Thursday, 2 January 2014


OOH! - That would be the 'Out of Hours' Helpline. Just don't call it the Bat-phone!

0845 1300 228

Having come across the Bat Conservation Trust's Out of Hours Helpline through my work at BBC News and on realising they were crewing up I thought 'perfect'! 

You can offer as many or as few evenings or weekends you have available a month and rotas are drawn up on a month by month basis and can be flexible if needed. 

Who could resist helping this fellow?

So I responded to the email address posted on and having chatted with Sabah, the Out of Hours Project Co-ordinator, signed up for a trip to the bat cave, otherwise known as the Bat Conservation Trust Offices, for an evening's training with Sabah and Jess (Bat Care Network Co-ordinator). 

After the talks and powerpoints, and a session using the super straightforward internet based computer systems, I left the offices fully briefed on the systems, up to speed on all aspects of bat care advice and raring to go. 

A folder packed full of reminder info under my arm I headed home. For home is where the help is... 

Manning the 'bat-phone' - D'oh!
As an Out of Hours Volunteer you commit to being at home, in front of a computer for your shift - typically during the week it's from 5.30pm to 11 pm one evening and then from 7 am to 9am the next morning - or during the day, or evenings at weekends. You have a member of staff to whom you can turn if you get any particularly tricky calls (for example if anyone is scratched, bitten or reports a suspected foreign bat landing in the UK) but the basics are wonderfully simple. 

Calls to the Helpline get diverted to the phone number you provide (my mobile has never been so busy!) so you pick up your phone and you're off. You log on to the computer system that guides you through important information to get from the caller and reminds you of the key messages you should pass on and then you log into BCT's most prized system of all, the Bat Care Network. 

The charity could not provide the bat care help without this network of wonderful individuals who permit BCT to either give out their numbers or to be contacted in the event of a bat needing help in their locality.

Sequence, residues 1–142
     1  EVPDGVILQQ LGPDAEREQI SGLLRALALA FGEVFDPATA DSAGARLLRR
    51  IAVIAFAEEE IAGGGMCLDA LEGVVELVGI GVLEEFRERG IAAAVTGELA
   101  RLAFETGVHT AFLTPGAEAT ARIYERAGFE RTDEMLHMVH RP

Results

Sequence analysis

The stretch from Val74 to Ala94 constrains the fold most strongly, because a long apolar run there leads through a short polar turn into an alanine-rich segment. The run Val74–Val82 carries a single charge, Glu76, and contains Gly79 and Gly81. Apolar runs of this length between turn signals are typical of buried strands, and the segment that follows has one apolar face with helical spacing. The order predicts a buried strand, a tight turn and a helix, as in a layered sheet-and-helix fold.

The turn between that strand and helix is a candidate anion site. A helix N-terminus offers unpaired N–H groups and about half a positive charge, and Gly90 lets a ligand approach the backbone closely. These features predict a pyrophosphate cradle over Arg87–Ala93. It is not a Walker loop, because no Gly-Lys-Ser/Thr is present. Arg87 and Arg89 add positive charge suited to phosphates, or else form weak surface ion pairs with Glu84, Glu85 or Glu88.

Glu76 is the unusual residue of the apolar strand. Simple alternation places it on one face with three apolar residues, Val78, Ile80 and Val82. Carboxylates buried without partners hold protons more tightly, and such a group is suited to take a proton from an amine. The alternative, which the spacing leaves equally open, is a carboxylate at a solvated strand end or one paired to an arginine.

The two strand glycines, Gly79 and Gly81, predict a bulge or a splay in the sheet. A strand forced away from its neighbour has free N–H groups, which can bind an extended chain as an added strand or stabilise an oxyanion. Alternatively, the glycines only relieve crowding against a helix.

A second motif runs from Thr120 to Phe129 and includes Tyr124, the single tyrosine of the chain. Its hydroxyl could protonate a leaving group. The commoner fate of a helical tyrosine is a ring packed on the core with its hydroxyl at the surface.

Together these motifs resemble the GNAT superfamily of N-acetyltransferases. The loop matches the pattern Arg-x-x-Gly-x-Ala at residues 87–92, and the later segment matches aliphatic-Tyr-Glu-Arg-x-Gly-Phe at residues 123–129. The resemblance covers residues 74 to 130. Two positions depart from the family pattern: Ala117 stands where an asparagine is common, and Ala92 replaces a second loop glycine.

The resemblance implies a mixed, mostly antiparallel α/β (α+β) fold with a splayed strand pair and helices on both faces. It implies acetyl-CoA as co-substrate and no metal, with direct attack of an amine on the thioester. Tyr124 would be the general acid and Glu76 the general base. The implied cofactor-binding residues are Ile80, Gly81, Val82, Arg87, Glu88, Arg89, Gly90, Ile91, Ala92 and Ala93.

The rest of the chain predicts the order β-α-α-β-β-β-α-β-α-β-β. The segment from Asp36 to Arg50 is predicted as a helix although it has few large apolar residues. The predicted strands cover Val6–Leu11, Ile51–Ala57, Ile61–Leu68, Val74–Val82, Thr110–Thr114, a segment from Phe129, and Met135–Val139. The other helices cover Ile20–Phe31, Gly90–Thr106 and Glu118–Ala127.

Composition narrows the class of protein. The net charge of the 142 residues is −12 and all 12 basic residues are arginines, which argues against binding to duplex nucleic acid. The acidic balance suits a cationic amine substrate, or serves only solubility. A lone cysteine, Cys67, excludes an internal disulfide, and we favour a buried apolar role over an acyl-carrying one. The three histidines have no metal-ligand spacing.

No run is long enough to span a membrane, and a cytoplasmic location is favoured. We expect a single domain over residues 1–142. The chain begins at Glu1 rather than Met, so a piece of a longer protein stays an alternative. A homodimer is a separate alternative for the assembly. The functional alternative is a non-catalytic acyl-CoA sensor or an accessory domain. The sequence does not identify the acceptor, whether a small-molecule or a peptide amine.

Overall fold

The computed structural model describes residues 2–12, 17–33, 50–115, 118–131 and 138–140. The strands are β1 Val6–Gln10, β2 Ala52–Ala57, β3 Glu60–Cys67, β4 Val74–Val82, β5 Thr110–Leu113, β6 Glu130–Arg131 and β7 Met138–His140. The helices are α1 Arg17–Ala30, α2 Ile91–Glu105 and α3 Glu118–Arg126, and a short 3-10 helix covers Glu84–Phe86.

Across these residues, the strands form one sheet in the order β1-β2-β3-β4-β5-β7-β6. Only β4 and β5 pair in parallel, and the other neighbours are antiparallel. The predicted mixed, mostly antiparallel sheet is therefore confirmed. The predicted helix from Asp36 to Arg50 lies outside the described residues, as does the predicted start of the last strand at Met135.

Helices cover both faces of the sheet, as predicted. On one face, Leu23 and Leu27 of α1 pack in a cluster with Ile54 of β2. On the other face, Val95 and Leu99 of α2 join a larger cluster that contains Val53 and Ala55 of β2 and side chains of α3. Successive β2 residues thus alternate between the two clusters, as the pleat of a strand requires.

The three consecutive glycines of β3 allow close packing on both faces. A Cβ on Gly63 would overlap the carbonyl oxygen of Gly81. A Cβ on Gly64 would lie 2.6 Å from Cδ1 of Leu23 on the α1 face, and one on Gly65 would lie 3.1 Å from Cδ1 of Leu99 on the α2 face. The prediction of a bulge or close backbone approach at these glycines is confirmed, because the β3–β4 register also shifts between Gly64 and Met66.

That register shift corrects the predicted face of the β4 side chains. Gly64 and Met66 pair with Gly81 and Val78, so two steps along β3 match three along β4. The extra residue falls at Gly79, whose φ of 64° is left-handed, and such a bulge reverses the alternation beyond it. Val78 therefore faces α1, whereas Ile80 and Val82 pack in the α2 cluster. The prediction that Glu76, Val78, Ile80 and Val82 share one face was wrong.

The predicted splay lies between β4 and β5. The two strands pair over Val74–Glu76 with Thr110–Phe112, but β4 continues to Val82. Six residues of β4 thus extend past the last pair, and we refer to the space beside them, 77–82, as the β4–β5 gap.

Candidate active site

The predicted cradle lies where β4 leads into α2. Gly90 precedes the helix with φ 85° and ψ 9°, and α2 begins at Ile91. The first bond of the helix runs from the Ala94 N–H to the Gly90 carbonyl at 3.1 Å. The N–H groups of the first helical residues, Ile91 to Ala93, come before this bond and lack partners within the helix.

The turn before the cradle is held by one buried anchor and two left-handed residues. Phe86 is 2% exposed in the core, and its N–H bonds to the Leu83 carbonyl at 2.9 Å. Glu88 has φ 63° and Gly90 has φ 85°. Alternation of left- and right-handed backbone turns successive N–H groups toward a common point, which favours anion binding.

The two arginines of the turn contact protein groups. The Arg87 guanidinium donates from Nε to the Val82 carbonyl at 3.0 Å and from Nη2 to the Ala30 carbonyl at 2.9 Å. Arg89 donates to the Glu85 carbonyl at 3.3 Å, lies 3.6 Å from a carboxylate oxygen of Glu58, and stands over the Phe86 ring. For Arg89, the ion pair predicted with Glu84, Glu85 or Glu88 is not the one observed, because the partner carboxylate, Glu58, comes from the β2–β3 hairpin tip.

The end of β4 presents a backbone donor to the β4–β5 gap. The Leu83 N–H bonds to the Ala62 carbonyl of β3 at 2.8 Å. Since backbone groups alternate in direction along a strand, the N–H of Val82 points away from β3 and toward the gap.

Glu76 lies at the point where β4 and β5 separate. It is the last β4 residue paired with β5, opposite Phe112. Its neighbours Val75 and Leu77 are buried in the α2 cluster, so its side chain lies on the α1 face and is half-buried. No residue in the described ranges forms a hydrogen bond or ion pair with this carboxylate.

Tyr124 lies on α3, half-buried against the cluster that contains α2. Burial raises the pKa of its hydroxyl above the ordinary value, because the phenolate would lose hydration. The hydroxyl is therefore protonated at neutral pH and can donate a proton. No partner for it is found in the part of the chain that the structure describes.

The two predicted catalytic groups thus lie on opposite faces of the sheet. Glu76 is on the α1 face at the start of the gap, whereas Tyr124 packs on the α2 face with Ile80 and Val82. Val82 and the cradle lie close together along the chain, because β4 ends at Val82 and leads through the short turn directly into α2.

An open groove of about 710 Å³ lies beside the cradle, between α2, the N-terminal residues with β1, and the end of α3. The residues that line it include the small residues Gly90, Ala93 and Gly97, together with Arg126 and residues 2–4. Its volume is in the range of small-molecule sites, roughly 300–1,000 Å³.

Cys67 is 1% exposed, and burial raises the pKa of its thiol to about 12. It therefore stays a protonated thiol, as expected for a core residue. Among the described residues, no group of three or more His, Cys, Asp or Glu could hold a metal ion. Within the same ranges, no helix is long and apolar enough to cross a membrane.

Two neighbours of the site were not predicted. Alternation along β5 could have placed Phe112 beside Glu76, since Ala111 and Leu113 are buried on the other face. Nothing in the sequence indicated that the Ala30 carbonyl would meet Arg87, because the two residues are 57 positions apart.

The carers on the list are dotted right around the UK and entries outline availability and what they can and can't undertake in terms of bat care. As a helpline volunteer you take the call and after chatting to the individual who has rung you to establish what help they need you either offer the advice or put them in touch with their local carers - job done!

Obviously it's not quite that simple. Each call is different and you meet some wonderful people on the end of the phone. Sometimes callers are concerned only with the welfare of the bat that's in trouble, and want to know what they can do to help, sometimes they are scared themselves, troubled by their visitor or letting you know of someone boarding up a roost site or chopping down a tree. Bat roosts are protected by law and we have an Investigations Officer who assists in investigating and reporting bat crime to the Police to whom we refer such calls.

The Out of Hours service is an emergency service so general routine queries are logged or asked to call back during the BCT's working hours - but no one goes away unassisted! 

The Emergency calls can come through in fits and starts and its often noticeable how bat activity seems to happen in geographical areas on a given evening - one night you will get a lot of calls from a rural part of Scotland, another week it could be south Wales that most folk call from - it makes you think the bats are chatting with one-another and picking their times to get into trouble! You can have evenings when it barely rings and other nights when it's relentless!